Felix Verdejo will be returning to the ring next month…
The 27-year-old Puerto Rican professional boxer and lightweight contender will fight Masayoshi Nakatani on December 12, Top Rank vice president Carl Moretti has told The Athletic.
The fight will be the co-main event of a Top Rank card at the MGM Grand Conference Center in Las Vegas.
Verdejo (27-1, 17 KOs) was injured in a motorcycle accident in August 2016 but returned to the ring six months later and has a record of 5-1 since then, including an impressive first-round TKO victory over Will Madera in July.
Japan’s Nakatani (18-1, 12 KOs) made his U.S. debut in July 2019 and was the first fighter to take Teofimo Lopez the distance, losing a hard-fought unanimous decision at the MGM National Harbor in Oxon Hill, Maryland.
Top Rank is still looking for a replacement main event after Miguel Berchelt tested positive for COVID-19 and his fight against Oscar Valdez was postponed.
Former featherweight titlist Shakur Stevenson offered to step in for Berchelt and told ESPN on Tuesday that he had asked his team to inquire about the possibility of fighting Valdez on short notice.
The 25-year-old Mexican boxer defeated Ruben Villa by unanimous decision to win the vacant WBO featherweight title on Friday night at the MGM Grand Conference Center in Las Vegas.
Navarrete, a former junior featherweight world titlist, was able to win the fight on the strength of two knockdowns — in the first and fourth rounds — by the scores of 114-112, 114-112 and 115-111.
Navarrete (33-1, 28 KOs) had a decided edge in strength and power. And while the southpaw Villa (18-1, 5 KOs) was effective in spots by moving around the ring, the difference in punching prowess was obvious. At the end of the fight, Navarrete had outlanded Villa 131-58 in power punches.
Navarrete clipped Villa with a long left uppercut that sent him down for the first time at the end of the first round. To his credit, Villa got up and was effective in the next two rounds, but in the fourth another long, lashing left hand from Navarrete sent Villa down for the second time. Without these two knockdowns, this bout would’ve been a majority draw.
Navarrete is not a classic stylist, or the most fundamentally sound fighter you’ll see. He often makes fundamental errors, but he more than makes up for it with his relentlessness and activity. At times he simply swarms his opponents to a point where they get overwhelmed. Villa was the more sound boxer, but he lacked the pop to truly get Navarrete’s respect or ever hurt him.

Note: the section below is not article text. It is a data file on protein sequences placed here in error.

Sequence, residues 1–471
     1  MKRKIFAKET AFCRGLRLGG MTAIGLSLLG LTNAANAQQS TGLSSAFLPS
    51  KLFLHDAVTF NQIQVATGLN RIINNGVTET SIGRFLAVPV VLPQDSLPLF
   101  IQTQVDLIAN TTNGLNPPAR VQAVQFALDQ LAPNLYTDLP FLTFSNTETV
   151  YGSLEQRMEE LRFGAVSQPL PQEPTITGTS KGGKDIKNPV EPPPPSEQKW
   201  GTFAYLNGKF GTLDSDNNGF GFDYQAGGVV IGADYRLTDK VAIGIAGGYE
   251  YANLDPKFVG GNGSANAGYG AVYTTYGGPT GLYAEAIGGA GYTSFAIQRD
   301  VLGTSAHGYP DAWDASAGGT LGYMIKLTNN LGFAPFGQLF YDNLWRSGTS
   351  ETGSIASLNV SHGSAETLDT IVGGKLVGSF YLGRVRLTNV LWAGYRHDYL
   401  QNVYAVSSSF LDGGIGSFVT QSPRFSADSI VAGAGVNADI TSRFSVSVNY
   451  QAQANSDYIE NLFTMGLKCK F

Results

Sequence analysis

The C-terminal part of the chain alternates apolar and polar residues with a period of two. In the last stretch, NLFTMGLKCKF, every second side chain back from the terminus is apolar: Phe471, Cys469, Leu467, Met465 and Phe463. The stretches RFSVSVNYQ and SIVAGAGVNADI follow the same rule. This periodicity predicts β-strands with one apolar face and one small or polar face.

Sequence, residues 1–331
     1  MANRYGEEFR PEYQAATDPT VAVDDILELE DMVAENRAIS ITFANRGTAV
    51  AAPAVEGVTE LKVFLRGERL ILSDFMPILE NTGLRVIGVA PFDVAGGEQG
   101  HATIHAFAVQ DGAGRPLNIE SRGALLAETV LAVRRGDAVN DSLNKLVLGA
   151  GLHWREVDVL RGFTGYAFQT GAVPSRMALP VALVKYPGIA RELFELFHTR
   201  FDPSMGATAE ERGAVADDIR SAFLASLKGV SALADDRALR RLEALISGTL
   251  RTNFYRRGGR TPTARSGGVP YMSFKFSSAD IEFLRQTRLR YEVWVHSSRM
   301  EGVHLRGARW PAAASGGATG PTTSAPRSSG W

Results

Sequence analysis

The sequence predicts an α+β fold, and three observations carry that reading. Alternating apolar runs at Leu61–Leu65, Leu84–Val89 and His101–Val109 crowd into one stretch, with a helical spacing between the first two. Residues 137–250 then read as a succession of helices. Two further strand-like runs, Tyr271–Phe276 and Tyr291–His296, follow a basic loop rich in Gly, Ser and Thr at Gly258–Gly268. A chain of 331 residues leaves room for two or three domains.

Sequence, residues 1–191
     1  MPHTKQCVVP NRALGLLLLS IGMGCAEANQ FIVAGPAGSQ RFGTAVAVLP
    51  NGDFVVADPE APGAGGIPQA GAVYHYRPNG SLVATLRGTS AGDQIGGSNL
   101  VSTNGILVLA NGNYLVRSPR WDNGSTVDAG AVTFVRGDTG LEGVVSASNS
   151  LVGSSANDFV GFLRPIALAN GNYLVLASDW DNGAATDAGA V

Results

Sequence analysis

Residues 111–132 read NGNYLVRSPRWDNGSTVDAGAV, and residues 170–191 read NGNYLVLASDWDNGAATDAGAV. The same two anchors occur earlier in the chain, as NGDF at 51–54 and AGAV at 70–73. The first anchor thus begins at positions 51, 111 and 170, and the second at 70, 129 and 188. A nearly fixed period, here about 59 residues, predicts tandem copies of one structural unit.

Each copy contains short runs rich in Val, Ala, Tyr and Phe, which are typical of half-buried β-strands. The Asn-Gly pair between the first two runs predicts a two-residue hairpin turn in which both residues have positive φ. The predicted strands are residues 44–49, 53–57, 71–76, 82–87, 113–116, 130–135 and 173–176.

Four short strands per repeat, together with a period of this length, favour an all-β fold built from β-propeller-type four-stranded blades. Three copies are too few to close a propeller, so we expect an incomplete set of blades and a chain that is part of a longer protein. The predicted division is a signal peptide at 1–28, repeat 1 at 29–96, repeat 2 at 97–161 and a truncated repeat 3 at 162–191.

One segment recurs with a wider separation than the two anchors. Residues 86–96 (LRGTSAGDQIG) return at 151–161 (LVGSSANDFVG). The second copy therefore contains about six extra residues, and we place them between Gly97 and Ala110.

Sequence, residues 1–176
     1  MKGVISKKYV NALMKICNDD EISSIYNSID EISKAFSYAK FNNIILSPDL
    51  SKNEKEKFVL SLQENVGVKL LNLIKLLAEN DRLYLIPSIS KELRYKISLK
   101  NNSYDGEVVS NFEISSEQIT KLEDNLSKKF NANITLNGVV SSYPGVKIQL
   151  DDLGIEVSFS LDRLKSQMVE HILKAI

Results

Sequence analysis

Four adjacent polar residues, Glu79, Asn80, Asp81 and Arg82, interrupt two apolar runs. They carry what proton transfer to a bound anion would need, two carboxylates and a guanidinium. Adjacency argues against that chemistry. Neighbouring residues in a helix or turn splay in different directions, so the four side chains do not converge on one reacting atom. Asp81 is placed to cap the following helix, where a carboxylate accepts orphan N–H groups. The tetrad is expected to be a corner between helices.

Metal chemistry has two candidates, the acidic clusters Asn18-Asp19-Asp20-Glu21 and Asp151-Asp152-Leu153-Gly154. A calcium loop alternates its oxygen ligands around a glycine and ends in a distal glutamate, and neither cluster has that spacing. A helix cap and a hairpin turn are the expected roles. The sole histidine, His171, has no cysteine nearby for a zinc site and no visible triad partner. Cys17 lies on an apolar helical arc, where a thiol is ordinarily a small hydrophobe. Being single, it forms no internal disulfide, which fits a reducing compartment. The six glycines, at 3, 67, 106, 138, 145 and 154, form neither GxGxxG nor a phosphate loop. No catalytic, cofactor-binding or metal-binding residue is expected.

“I knew that Villa was a fighter that moved a lot and I knew that he was going to move even more once he felt my power,” Navarrete said after the fight. “I didn’t get the knockout, but I got the victory.”
Villa had some good moments in the second half of the fight where he boxed effectively, but he didn’t do enough to turn the tide of this contest.
“I’m very happy with this championship. It’s a reflection of all the sacrifices and all the hard work I put in,” Navarrete said. “I conquered my second weight class because of all that hard work.
“I have my sights set on all the world champions at 126. I would love to face [Josh] Warrington. I think that our styles will make for a great fight.”
The biggest fight of Teofimo Lopez Jr.’s career could be happening soon…
The lightweight unification title fight between the 22-year-old Honduran-American professional boxer, who has held the IBF lightweight title since 2019 and Vasiliy Lomachenko might now take place on October 3 in Las Vegas, Top Rank president Todd duBoef confirmed to ESPN.
DuBoef said “it’s still too early to determine everything” regarding the bout and that he is uncertain as to whether it will be closed to the public.
“I’m not sure that fight happens with fans,” duBoef told ESPN.
Top Rank, which promotes Lomachenko (14-1, 10 KOs) and Lopez (15-0, 12 KOs), has held several cards inside an enclosed area at the MGM Grand in Las Vegas. DuBoef said the fight could be a potential pay-per-view bout at the MGM.
Arum told Boxingscene.com he is hopeful to have perhaps 2,000 to 2,500 people in attendance. But those plans could be altered as the pandemic worsens around the United States.
Like many other states, Nevada is experiencing a spike in COVID-19 cases. According to the most recent numbers posted by the Centers for Disease Control and Prevention, the state has seen an increase of 5,889 cases over the past seven days, which is nearly a quarter of the state’s total cases since the pandemic started.
The October 3 date was originally reserved for the third bout between heavyweights Tyson Fury and Deontay Wilder, duBoef told ESPN. That was pushed to December 19, leaving a potential PPV slot available.
Lomachenko is ESPN’s top pound-for-pound fighter, while Lopez won the IBF’s lightweight belt in December, when he stopped Richard Commey in the second round for his first major professional championship.
The 31-year-old Mexican American junior welterweight title contender earned a unanimous decision Tuesday night over Kendo Castaneda after easily outpointing his opponent over 10 rounds in a clinical performance inside “The Bubble” at Las Vegas’ MGM Grand Convention Center.
Zepeda (32-2, 25 KOs) kept his focus and won by scores of 97-93, 98-92 and 98-92. He was sharp in the early going, boxing out of his southpaw stance as he established his right jab and then alternated planting straight lefts to the body and head of Castaneda (17-2, 8 KOs) — boxing freely at his own pace.
Castaneda was a step behind Zepeda from the start, and he failed to find a consistent answer for Zepeda’s variety of punches with great speed and precision. Castaneda eventually had some moments in the sixth and seventh rounds, but Zepeda quickly reasserted control in the eighth and cruised to victory through the last few rounds.
“I think it was good,” Zepeda said of his performance. “Since he hasn’t been on the big stages, nobody knows anything about him. But today I noticed that he can get hit. He can [take] some punches. It was a good performance, [but] I can do better. Every time the level goes up, I go up, too.”